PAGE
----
AIX > Administrator > Performance

It's All Relative

Some rPerf Values

Table 1 shows rPerf results for the IBM eServer p5 595 server from IBM's report, "IBM eServer p5, pSeries, OpenPower* and IBM RS/6000* Performance Report," Nov. 18, 2004.

Notice that as the amount of hardware is doubled, the resulting rPerf value is something less than double. Gene Amdahl, mathematically described this occurrence by what's known as Amdahl's Law. In simple terms, this means that as more processors are added to a symmetric multiprocessor (SMP), the last processor added is less efficient than the previous one. Hardware vendors work hard on minimizing these effects through effective use of larger caches, faster processors, etc.

Now let's examine some of the components that can induce large variabilities in predicted performance by using the rPerf benchmark results.


Changes in processor architecture can introduce unpredictable performance results. For example, the POWER3* systems were designed for and possessed relatively good floating-point performance for their time. However, their OLTP-type performance was typically less than the performance of the RS64-IV processor-based systems.

According to Terry Brennan and Bret Olszewski's study, relative performance comparisons between the POWER4+* processor-based p650-6M2 and the RS64-IV-based p660-6M1 showed high variability across a number of workloads. Their experience showed that it's particularly difficult to accurately reflect differences across microprocessor families with a single performance metric.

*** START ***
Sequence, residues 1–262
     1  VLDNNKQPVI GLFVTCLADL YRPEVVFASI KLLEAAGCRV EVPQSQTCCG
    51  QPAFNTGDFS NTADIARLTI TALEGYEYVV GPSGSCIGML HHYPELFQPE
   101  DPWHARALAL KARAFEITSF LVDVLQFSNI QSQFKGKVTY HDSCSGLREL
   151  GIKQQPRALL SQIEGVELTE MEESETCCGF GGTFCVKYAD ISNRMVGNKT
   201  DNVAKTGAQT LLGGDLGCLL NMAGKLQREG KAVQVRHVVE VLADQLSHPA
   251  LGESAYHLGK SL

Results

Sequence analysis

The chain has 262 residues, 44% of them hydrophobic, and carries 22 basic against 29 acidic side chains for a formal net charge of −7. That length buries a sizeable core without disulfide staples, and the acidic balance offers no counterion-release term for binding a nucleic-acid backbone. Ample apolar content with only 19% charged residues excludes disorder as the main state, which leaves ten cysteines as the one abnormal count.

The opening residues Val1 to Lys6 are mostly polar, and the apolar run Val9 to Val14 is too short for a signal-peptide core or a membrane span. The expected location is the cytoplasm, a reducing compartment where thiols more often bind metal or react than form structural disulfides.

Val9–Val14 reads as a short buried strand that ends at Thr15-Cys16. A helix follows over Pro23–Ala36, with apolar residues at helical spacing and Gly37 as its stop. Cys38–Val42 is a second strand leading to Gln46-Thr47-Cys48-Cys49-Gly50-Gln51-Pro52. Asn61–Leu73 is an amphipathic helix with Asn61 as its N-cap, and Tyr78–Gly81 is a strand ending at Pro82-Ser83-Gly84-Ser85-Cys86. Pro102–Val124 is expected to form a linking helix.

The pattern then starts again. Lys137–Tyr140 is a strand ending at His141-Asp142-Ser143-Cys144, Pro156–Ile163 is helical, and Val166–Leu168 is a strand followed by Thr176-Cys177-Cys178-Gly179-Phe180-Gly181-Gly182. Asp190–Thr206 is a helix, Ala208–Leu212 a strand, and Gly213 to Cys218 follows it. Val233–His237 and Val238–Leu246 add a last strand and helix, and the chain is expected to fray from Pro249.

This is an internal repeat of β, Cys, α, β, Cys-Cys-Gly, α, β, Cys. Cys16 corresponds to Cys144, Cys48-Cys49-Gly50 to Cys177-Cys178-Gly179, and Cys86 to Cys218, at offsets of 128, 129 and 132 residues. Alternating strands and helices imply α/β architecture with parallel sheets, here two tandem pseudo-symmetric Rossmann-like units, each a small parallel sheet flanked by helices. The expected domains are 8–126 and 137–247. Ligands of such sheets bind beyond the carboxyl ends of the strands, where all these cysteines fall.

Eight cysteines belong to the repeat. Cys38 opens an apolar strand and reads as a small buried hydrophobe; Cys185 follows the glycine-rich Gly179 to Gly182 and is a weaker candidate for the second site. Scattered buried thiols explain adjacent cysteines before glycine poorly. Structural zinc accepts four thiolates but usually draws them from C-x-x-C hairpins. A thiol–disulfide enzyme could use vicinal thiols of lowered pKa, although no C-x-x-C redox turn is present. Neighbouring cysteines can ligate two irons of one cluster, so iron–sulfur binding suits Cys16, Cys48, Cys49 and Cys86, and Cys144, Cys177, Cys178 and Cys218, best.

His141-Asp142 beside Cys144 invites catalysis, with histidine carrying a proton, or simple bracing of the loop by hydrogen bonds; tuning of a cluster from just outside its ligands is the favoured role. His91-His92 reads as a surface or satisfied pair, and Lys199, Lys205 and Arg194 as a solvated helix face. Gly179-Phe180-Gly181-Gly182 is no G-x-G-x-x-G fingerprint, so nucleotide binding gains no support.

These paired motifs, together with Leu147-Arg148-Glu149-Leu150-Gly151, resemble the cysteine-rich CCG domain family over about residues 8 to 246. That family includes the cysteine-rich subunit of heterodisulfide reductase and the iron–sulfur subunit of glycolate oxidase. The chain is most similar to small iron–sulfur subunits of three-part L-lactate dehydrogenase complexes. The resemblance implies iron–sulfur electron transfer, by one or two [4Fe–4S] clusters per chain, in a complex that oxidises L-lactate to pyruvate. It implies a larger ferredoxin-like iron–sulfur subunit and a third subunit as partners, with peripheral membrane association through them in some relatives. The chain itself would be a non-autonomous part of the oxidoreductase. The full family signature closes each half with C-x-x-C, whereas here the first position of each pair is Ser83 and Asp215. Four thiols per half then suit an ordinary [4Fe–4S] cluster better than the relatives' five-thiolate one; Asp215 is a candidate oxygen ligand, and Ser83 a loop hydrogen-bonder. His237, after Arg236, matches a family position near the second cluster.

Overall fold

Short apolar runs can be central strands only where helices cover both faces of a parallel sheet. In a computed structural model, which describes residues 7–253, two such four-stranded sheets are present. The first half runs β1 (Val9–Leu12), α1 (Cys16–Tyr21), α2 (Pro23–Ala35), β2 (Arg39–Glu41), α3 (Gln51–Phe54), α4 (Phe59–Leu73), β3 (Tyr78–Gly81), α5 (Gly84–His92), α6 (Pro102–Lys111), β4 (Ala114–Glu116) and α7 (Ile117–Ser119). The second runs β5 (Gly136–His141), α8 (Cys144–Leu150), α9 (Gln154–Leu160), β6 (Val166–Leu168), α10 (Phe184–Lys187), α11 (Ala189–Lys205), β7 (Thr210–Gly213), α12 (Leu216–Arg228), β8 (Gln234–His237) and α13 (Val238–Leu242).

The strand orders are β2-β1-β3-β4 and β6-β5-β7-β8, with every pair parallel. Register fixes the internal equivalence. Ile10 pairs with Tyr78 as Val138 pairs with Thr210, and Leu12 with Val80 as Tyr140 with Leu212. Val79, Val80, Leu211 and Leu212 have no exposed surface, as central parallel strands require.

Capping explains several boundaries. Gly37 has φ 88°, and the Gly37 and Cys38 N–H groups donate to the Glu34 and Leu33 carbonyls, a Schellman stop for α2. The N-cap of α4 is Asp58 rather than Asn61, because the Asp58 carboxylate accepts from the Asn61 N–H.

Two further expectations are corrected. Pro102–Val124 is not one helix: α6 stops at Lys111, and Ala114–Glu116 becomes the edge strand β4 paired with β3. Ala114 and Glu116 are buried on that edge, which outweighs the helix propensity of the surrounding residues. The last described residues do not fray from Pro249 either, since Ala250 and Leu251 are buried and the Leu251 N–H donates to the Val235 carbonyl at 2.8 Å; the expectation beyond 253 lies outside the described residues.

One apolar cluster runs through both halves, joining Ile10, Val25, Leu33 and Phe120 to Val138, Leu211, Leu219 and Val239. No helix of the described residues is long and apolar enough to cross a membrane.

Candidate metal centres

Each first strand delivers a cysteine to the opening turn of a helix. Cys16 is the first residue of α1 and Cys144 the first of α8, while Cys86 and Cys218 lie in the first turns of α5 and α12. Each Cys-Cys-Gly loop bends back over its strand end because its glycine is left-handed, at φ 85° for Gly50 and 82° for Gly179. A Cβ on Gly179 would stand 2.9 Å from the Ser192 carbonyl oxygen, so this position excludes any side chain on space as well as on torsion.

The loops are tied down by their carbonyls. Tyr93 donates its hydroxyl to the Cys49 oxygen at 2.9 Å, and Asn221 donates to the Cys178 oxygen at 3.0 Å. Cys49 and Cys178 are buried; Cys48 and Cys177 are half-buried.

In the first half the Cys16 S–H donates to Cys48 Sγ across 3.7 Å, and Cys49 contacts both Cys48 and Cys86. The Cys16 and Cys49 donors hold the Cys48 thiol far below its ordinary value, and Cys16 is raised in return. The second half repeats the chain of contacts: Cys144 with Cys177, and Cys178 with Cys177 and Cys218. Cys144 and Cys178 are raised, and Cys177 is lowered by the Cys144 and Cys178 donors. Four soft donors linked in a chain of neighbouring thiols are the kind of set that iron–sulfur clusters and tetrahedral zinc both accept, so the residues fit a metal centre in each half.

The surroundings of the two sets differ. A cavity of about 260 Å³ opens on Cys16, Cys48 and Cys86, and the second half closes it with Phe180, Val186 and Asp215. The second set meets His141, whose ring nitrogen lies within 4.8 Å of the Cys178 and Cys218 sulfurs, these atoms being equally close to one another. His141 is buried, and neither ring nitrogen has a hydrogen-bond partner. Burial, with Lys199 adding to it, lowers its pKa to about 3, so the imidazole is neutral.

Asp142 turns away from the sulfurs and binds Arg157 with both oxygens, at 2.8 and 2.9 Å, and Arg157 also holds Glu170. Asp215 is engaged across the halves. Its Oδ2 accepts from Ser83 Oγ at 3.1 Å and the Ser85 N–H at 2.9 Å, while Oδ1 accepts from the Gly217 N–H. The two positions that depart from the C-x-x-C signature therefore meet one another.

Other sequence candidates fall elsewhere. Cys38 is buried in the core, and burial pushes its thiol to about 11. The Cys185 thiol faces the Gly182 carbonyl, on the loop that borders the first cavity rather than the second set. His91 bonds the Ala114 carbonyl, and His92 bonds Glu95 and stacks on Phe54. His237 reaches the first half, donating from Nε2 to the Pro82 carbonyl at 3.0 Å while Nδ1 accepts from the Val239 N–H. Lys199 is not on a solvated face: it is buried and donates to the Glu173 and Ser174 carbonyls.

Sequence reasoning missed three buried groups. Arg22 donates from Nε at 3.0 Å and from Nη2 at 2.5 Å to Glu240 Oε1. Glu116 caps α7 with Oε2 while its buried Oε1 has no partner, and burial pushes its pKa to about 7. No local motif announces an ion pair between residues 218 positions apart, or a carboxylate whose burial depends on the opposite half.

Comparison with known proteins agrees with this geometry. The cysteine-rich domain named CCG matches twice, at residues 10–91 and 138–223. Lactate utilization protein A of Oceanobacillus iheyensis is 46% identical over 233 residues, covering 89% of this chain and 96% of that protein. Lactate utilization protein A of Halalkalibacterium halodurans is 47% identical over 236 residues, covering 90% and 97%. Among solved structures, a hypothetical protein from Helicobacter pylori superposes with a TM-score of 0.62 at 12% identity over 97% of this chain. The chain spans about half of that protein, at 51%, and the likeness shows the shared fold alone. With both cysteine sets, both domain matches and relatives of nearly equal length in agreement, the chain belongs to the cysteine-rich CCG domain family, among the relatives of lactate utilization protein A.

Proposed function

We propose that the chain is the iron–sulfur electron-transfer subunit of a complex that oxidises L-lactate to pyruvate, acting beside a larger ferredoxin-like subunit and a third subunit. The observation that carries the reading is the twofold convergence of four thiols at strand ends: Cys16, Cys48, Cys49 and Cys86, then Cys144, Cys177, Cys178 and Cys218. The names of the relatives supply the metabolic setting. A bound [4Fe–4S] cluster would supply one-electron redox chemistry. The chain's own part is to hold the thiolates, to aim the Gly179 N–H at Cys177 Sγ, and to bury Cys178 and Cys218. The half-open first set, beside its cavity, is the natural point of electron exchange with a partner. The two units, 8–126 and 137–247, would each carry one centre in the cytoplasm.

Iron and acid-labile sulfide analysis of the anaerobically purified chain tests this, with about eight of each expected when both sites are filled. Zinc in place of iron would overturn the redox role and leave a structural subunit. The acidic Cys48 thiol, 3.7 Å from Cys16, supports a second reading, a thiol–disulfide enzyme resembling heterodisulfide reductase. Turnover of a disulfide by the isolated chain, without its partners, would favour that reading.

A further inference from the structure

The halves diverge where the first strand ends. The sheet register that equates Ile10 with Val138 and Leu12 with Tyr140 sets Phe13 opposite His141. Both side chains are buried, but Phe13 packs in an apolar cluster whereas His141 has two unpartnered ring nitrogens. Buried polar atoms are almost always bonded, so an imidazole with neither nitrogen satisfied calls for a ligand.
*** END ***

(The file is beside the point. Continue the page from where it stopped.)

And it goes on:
A more recent reference would be the POWER5* processor. Specifically designed as a simultaneous multithreaded processor (parallel pipelines to allow for two executing threads down each processor core), this processor also requires AIX 5.3 to effectively exploit all of its features. Therefore, comparing benchmark results from this lineage of processors to any other lineage could yield large scatters in predicted performance.

Memory Subsystem

Benchmark results show that appropriately fitted memory subsystems are almost as important as the CPU to overall system performance. Key attributes of the memory subsystem include capacity, latency and bandwidth. Therefore, benchmark results tend to occur with the largest memory configurations possible.

I/O Subsystems

Some workloads require substantial I/O bandwidth or minimal I/O latency to reach CPU saturation (utilization levels approach 100 percent). These workloads require the systems under test to be sufficiently configured with I/O drawers, adapters and disks, such that the I/O isn't the bottleneck. If sufficient I/O bandwidth (minimal latency) can't be supplied on a system, measured performance will be limited by the transaction speed of the I/O subsystem.

Tom Farwell is a technical editor for IBM Systems Magazine, Open Systems edition. He can be reached through

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